In just the third and fourth quarters of last year, there were around $166.4 billion in student loan delinquencies that have been in default for 90 days or more, according to the Federal Reserve, the United States' central bank. Steve Beaman, a financial analyst for the Florida Radio Network, the chairman of the McGraw Council, and the author of The Path to Prosperity said this is horrible news for the economy. "The alarms bells are going off," Beaman said. "If we don't do something about it quickly, it could possibly have a negative effect on the U.S. economy, hurt people's economic life and have an adverse reaction to their credit score," Beaman said.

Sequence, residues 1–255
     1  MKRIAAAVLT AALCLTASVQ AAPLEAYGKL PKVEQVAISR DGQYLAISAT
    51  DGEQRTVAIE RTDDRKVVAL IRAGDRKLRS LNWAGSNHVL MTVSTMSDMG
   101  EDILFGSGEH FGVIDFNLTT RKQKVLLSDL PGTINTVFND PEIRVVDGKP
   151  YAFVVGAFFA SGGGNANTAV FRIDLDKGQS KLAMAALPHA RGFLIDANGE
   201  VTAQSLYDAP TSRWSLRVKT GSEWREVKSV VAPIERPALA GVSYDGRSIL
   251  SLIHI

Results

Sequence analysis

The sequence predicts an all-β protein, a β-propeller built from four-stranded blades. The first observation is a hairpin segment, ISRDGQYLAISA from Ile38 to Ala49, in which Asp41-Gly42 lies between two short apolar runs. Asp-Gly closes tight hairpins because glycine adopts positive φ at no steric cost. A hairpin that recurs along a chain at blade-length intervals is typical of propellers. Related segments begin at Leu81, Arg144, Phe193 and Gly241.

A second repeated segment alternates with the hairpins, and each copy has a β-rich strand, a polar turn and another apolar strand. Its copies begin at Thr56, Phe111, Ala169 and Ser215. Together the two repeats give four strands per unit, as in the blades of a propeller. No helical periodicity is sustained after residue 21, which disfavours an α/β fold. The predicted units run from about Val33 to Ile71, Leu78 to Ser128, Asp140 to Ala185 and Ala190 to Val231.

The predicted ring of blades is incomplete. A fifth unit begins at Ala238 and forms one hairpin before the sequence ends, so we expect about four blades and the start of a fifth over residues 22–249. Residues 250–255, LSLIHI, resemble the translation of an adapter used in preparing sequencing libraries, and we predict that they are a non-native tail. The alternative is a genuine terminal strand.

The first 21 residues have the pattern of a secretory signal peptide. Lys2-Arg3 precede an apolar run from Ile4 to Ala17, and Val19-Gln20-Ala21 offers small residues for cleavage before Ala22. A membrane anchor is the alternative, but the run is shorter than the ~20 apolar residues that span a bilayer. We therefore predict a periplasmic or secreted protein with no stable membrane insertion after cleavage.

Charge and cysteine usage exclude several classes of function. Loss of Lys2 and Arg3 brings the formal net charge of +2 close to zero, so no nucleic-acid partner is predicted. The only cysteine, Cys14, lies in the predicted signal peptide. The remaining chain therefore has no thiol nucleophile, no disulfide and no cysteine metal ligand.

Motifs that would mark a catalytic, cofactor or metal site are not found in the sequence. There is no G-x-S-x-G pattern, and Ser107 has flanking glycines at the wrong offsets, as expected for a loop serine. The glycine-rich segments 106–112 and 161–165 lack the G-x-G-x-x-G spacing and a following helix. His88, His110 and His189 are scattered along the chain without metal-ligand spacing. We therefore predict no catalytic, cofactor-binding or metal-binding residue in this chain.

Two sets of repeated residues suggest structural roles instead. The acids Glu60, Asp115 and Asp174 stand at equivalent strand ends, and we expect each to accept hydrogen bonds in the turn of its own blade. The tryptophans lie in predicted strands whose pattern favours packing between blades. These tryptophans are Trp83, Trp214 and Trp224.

Jack Hough, a senior editor for Barron's, also insisted this is a problem. "Let's artificially puff up buying power with cheap (college) loans and it makes it even less affordable," Hough said. Free college isn't much of a solution either. The problem with the cost of a college education is that money is easily available to be borrowed (or in the case of government-funded "free" college, stolen) in order to be paid.